N2 - Adolescence is a transition period that is assumed to be characterized by increased sensitivity to reward. While there is growing research on reward processing in adolescents, investigations into the engagement of brain regions under different reward-related conditions in one sample of healthy adolescents, especially in a target age group, are missing. We aimed to identify brain regions preferentially activated in a reaction time task (monetary incentive delay (MID) task) and a simple guessing task (SGT) in a sample of 14-year-old adolescents (N = 54) using two commonly used reward paradigms. Functional magnetic resonance imaging was employed during the MID with big versus small versus no win conditions and the SGT with big versus small win and big versus small loss conditions. Analyses focused on changes in blood oxygen level-dependent contrasts during reward and punishment processing in anticipation and feedback phases. We found clear magnitude-sensitive response in reward-related brain regions such as the ventral striatum during anticipation in the MID task, but not in the SGT. This was also true for reaction times. The feedback phase showed clear reward-related, but magnitude-independent, response patterns, for example in the anterior cingulate cortex, in both tasks. Our findings highlight neural and behavioral response patterns engaged in two different reward paradigms in one sample of 14-year-old healthy adolescents and might be important for reference in future studies investigating reward and punishment processing in a target age group.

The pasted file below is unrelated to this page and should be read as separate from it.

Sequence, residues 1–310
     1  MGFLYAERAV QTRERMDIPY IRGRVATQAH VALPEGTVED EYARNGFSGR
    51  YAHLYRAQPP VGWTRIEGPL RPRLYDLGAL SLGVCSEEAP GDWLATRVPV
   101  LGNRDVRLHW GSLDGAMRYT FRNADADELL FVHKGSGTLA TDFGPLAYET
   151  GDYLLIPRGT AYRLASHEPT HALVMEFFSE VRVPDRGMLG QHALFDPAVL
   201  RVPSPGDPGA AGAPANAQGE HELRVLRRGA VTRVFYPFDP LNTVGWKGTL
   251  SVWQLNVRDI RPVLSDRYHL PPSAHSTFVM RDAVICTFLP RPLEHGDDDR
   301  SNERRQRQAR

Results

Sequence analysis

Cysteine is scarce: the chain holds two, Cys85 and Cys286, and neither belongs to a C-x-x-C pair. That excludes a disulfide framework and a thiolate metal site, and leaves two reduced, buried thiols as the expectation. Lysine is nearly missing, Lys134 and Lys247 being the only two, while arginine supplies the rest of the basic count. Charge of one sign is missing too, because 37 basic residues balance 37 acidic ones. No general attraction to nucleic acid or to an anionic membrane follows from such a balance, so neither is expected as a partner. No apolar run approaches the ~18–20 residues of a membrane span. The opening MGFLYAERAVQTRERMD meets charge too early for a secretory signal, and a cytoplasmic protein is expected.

AB - Adolescence is a transition period that is assumed to be characterized by increased sensitivity to reward. While there is growing research on reward processing in adolescents, investigations into the engagement of brain regions under different reward-related conditions in one sample of healthy adolescents, especially in a target age group, are missing. We aimed to identify brain regions preferentially activated in a reaction time task (monetary incentive delay (MID) task) and a simple guessing task (SGT) in a sample of 14-year-old adolescents (N = 54) using two commonly used reward paradigms. Functional magnetic resonance imaging was employed during the MID with big versus small versus no win conditions and the SGT with big versus small win and big versus small loss conditions. Analyses focused on changes in blood oxygen level-dependent contrasts during reward and punishment processing in anticipation and feedback phases. We found clear magnitude-sensitive response in reward-related brain regions such as the ventral striatum during anticipation in the MID task, but not in the SGT. This was also true for reaction times. The feedback phase showed clear reward-related, but magnitude-independent, response patterns, for example in the anterior cingulate cortex, in both tasks. Our findings highlight neural and behavioral response patterns engaged in two different reward paradigms in one sample of 14-year-old healthy adolescents and might be important for reference in future studies investigating reward and punishment processing in a target age group.

KW - Adolescent

KW - Adolescent Behavior

KW - Amygdala

KW - Cerebellum

KW - Cognition

KW - Corpus Striatum

KW - Female

KW - Gyrus Cinguli

KW - Humans

KW - Male

KW - Reward

KW - Thalamus

U2 - 10.1007/s00221-012-3272-8

DO - 10.1007/s00221-012-3272-8

M3 - Article

C2 - 23108370

VL - 223

SP - 429

EP - 439

JO - Experimental Brain Research

JF - Experimental Brain Research

SN - 0014-4819

IS - 3

ER -